Automation: A Dirty Word?

May 14, 2012

by Jeanine Vecchiarelli                                               return to JayVee Media Link LLC

social media automation tools pictureToo many people feel that automation is a dirty word in the social media field.  Yet if we are honest with ourselves, we also know it is a necessary evil.  My feeling is that automation provides much needed assistance for our responsibilities, as long as it is used wisely. You will hear that refrain throughout this post!

There are so many good automation tools out there today.  Some cost money to use; others are free.   Both can be equally valuable.  In most cases, the only trick to picking the right one for you is to consider the one that accomplishes exactly what you wish it to do, in a layout you find most appealing.  Once again, though, how you use automation makes the difference between it being good or bad for business.

Auto posting

There is a very contentious ongoing debate about whether or not auto posting is a good idea.  I see valid points on both sides – as long as the feature isn’t abused.  Our followers and potential clients aren’t fools; they can easily detect the absence of a human voice behind a generic auto posted message.  And it is a big turn off.  Why should anyone stick around when we can’t be “bothered” with them enough to post for ourselves?  However, if used judiciously, there are times when auto posting can work.  If, for example, we wish to thank our new Twitter followers via direct message, and we become so swamped that doing so prevents us from doing our more pressing tasks, I believe it’s okay to send an automated message.  But that message should be crafted in as personable and congenial a manner as possible.  For myself, as of now I choose not to use this automated tool.  Because I subscribe to the “quality over quantity of followers” school of thought, my methods do not tend to generate hundreds of them a day.  Hence, I can take a moment to personally thank each new one.  And believe me, MANY of them let me know that personal touch is much appreciated.

Twitter tools for auto follow/unfollow

There are many tools for the purpose of automatically following or unfollowing people on Twitter.  In theory, they are a Godsend because of the time they save us.  Manually searching for and combing through hundreds of profiles to find a good potential fit for ourselves or our clients can take days on its own.  All of our other duties would of necessity fall by the wayside.  But using these tools to Twitter automation toolsindiscriminately add hundreds of followers based on the mere mention of your search keyword in their “about me” blurb or worse, somewhere among their tweets, is not a good way to find quality.  The tool that I use searches based on my specified keywords, and returns the results to me.  I then go through each profile found and vet for compatibility myself.  Yes, it does take time.  But I want to make sure the resulting connections are potentially fruitful.  And the process is a lot quicker than it would be if I had to first manually search for the profiles before vetting them.  Tweet Spinner, the program I use, cuts my time spent on this duty by better than half.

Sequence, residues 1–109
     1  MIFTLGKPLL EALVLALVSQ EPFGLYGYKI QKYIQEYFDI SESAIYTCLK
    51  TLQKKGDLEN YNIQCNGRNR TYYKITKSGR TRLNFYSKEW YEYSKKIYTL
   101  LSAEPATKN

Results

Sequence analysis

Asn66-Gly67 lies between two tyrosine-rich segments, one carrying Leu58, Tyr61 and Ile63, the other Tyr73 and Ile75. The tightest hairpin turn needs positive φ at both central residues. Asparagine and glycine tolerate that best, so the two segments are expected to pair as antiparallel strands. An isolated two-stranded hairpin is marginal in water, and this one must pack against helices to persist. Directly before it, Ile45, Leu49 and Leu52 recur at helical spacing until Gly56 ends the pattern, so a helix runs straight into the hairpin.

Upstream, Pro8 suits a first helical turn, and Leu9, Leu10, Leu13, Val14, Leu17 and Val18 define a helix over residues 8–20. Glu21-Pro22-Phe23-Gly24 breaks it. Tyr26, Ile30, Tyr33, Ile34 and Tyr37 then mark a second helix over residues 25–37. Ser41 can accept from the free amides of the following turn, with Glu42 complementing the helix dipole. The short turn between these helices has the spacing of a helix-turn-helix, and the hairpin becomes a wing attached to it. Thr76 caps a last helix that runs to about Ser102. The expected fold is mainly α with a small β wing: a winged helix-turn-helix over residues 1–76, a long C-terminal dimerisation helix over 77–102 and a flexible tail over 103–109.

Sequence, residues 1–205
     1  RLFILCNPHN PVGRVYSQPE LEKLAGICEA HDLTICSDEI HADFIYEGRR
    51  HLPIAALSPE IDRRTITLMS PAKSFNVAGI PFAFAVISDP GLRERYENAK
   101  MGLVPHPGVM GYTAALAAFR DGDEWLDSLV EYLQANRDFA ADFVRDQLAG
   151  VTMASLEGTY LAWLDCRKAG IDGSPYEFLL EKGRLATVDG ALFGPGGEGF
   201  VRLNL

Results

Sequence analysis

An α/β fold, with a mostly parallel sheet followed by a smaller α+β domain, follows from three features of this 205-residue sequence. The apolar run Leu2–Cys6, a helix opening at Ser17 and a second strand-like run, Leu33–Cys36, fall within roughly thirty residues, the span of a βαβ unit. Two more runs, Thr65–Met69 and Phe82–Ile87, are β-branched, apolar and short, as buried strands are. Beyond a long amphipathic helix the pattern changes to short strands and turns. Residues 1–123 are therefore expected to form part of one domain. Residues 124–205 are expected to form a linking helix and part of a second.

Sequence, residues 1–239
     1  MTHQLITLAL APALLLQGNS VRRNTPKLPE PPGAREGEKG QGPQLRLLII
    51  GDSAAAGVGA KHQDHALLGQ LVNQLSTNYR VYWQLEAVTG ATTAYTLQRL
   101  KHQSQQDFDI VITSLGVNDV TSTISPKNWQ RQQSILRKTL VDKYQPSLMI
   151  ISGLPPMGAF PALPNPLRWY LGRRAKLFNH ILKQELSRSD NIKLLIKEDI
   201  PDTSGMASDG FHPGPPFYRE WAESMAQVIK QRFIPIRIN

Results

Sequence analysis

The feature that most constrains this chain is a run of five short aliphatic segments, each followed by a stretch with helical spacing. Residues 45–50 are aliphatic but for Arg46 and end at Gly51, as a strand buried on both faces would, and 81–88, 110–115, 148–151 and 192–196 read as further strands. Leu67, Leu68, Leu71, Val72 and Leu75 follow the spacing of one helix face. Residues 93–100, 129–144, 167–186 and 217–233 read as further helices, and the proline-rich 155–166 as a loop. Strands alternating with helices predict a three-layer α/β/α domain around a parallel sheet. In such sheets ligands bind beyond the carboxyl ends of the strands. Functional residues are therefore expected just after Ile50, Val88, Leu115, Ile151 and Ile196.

Social media dashboards

Hootsuite owl

The only downside that I see to using social media dashboards like Hootsuite, Seesmic or Tweetdeck is that postings via them are not always given a ranking equal to those put directly on the profile pages.  While I can’t say for sure, I have heard that algorithms are changing to reevaluate these postings for a more favorable ranking.  That is good news,Tweetdeck bird logo since these dashboards are lifesavers.  Someone unfamiliar with their use would be astounded by the time savings we enjoy just by not having to individually log in and out of each profile account that we own or manage.  And the vast majority of our duties for these profiles can be accomplished via these social media dashboards.

Content curation

Another important duty that social media managers undertake is sharing valuable information.  In addition to the posts that we create, a well rounded selection of passages composed by other industry experts is a must for circulating.  Scouring the internet to find, evaluate and curate posts for distribution can be a full time job in itself.  To cut down on that time commitment, I use a content curation program that brings relevant posts directly to me.  I still need to evaluate them and set them up for posting, a task that routinely takes me a good number of hours.  But at least I am not losing days chasing those passages down all across the internet. For that reason I am very grateful to Robert Caruso and his automated Bundlepost program.
Bundlepost logo

As I have stated throughout this post, it’s not so much automation in the social media field that is bad; it is how we use the wealth of automated tools available to us that determines the positives or negatives of the issue.

How do you feel about automation in our field?  What tools do YOU use in your business?  Please share your thoughts by posting them in the comments section below.

See also:  Social Media Automation: Right or Wrong?  Yes!  by Social Media Today’s Allen Mireles

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